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How To Reduce Costs Without Sacrificing Quality


Though markets have begun to rebound from their post-lockdown depths, many companies are still putting a laser-focus on efficiency.

The most efficient company is the one that gets the most in return for what it invests. So, efficiency gains can come from one of two places: lower costs or higher revenues. Because sustainably higher revenues have been hard to come by for many companies in the last couple years, many have put an emphasis on cutting costs.

But as companies like Boeing have learned, not all cost-cutting is created equal. Some costs—say, aircraft safety expenses—are so core that cutting them endangers the health of the business as a whole.

As Vox, the New York Times, and others have reported, Boeing is a case study in how not to reduce costs in search of efficiency. Underinvestment in engineering talent and safety protocols (in the name of pumping up stock prices) led to fatal crashes in 2018 and 2019, and more recently, the mid-flight detachment of a door plug from an Alaska Airlines 737 Max 9.

Ultimately, efficiency isn’t just about cutting costs. It’s about cutting costs without reducing quality.

As your company embarks on its own efficiency initiatives, here are some steps to consider.

4 tips for reducing costs without sacrificing quality

1. Define your core value metrics (and measure them accurately). This may sound straightforward, but particularly in more tech-heavy industries, defining and measuring core value metrics is not always common practice.

For example: A company like GrubHub makes its money from food deliveries—and it pays a certain amount of money to support the software involved in facilitating those deliveries. So, it would want to know its cost per delivery—or per 1,000 deliveries, or per delivery within different regions, or however else GrubHub deems it important to see.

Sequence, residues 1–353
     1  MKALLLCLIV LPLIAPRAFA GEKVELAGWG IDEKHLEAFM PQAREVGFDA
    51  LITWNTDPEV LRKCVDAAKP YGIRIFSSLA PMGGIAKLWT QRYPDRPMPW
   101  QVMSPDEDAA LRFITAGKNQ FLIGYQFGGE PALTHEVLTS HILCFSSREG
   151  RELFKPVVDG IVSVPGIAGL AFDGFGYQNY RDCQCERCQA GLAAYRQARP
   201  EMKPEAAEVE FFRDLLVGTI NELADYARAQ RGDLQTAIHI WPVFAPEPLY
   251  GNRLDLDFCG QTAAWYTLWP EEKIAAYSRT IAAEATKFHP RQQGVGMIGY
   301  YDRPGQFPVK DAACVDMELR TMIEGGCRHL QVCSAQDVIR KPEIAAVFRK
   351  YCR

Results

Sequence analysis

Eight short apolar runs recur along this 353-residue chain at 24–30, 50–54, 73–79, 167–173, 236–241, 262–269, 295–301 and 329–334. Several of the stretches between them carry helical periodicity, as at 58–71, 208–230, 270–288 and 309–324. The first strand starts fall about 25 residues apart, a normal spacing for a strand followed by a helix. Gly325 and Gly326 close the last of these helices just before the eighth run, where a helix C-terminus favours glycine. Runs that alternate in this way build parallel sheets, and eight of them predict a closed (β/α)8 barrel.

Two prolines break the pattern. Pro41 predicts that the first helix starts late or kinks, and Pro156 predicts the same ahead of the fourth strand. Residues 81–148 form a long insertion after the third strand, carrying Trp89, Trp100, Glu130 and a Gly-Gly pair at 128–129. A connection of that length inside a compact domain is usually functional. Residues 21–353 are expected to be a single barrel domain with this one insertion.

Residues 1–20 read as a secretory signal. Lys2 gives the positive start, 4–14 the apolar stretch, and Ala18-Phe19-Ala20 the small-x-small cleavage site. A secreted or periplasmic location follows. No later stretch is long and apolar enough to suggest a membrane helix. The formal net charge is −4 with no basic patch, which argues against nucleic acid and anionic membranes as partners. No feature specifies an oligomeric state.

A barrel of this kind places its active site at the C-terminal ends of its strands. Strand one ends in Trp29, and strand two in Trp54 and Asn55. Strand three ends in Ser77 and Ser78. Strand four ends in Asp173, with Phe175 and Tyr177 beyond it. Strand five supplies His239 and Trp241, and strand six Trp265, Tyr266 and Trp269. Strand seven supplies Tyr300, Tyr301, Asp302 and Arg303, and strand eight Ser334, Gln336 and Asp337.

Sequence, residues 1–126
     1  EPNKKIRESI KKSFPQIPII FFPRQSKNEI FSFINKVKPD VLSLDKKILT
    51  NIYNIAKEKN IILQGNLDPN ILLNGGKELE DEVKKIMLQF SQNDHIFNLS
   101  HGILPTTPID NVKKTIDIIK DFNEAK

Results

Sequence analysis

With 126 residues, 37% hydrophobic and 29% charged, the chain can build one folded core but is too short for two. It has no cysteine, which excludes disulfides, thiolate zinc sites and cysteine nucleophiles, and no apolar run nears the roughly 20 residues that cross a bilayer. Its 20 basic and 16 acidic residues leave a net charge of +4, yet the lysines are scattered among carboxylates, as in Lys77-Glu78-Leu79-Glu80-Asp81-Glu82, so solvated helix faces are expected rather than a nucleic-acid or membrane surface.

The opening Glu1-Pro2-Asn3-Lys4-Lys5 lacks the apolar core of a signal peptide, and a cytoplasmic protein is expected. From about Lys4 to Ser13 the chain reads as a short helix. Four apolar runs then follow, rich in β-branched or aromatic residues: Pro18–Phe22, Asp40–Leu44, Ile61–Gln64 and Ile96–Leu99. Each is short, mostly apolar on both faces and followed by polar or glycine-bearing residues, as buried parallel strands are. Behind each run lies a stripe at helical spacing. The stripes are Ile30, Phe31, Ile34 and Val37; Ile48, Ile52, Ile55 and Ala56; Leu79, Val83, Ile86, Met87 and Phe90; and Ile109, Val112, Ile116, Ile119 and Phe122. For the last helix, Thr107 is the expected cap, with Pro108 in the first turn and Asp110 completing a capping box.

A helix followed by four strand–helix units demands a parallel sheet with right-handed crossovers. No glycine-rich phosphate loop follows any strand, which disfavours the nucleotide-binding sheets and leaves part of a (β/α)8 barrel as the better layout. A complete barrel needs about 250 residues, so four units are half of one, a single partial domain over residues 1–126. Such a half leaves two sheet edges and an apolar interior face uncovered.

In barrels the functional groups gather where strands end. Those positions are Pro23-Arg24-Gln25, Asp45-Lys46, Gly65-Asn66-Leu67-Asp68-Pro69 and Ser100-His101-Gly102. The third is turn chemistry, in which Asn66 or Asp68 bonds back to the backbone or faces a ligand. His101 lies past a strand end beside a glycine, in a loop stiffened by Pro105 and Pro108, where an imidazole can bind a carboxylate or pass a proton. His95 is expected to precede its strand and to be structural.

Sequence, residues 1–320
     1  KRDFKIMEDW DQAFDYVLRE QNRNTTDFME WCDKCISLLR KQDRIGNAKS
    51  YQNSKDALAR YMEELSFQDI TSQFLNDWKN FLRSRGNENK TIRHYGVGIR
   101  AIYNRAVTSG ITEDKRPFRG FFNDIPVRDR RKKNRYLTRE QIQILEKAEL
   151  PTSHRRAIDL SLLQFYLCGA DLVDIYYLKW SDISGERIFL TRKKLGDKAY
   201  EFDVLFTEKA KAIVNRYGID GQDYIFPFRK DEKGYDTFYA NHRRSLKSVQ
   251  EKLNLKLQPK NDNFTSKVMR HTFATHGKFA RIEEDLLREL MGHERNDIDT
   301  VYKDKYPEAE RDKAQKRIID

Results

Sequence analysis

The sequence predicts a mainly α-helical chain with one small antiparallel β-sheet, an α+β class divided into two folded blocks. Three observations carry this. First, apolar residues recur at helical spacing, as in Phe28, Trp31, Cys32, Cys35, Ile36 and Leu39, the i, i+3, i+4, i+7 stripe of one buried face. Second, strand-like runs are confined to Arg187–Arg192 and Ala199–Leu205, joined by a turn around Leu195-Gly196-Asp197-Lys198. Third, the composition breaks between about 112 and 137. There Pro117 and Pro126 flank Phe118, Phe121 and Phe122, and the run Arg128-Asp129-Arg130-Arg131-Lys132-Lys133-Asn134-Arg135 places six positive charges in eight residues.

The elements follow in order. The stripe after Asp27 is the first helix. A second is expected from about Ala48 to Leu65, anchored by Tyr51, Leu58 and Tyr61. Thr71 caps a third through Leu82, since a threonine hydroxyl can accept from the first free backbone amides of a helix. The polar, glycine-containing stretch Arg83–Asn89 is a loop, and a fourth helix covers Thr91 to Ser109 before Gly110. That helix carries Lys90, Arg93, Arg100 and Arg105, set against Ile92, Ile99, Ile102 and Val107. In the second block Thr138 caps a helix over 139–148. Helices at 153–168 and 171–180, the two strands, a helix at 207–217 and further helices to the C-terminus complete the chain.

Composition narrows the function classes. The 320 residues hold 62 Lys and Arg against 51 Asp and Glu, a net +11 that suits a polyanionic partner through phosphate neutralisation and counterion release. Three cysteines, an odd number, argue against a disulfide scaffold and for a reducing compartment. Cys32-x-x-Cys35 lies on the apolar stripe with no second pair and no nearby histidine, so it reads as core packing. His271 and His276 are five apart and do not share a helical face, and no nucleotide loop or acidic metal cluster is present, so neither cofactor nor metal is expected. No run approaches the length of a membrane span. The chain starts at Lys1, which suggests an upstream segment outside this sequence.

Companies are often surprised when they see their true unit costs—and reducing their costs often involves clearing away waste that has accumulated unchecked over the years. Identifying this waste is much easier once you define your most pressing unit costs and understand what contributes to them.

2. Look for environmentally impactful efficiencies. Companies with large real estate footprints incur substantial utility (water, electricity, gas, and arguably, WiFi) costs. Taking measures to reduce these costs not only avoids impacting quality—it also improves your company’s environmental profile.

Snacks giant Mondelēz International, for example, tracks and reports on its water usage, setting year-over-year efficiency benchmarks. 

3. Eliminate nonessential vendor contracts. It’s easy to let vendor contracts pile up. Conduct a careful audit of which vendors are contributing essential business value, which aren’t, and which you can afford to cut loose.

4. Avoid inhumanity at all costs. In other words, avoid the school of thought that says, “Profit matters infinitely more than anything else.” It’s the mindset that caused Boeing to outsource too much of their manufacturing, undervalue their employees, induce brain drain, reduce product quality, and ultimately, face spectacular failures.

You can’t always make everyone happy, particularly when cost-cutting is essential to the survival of your business. But you can distinguish a cuttable cost from an essential one, you can prioritize employee experience, and you can safeguard the core value that made your business necessary in the first place.

Ultimately, cost-cutting exercises should really be about understanding how every dollar you invest contributes to business value. It’s not always easy to draw a direct line, but striving for accurate measurements, credible value statements, and human business practices will give you the best chance of emerging better off than when you started.

Rishin Patel has worked in the orthopaedic and pain medicine industry for over 10 years in management-level product development and business development roles. He has been at the forefront of initiating technological strategies through product development to enhance patient care. Rish received his BS in Biology and Biophysics from the Pennsylvania State University, his M.D. from the Temple University School of Medicine, and he completed his anesthesiology residency and fellowship in interventional pain medicine at the Hospital of the University of Pennsylvania. He continues to serve as an expert consultant for several local and national advisory boards dedicated to improving treatment outcomes for patients. Rish loves to travel with his wife and daughter and is also an avid golfer.

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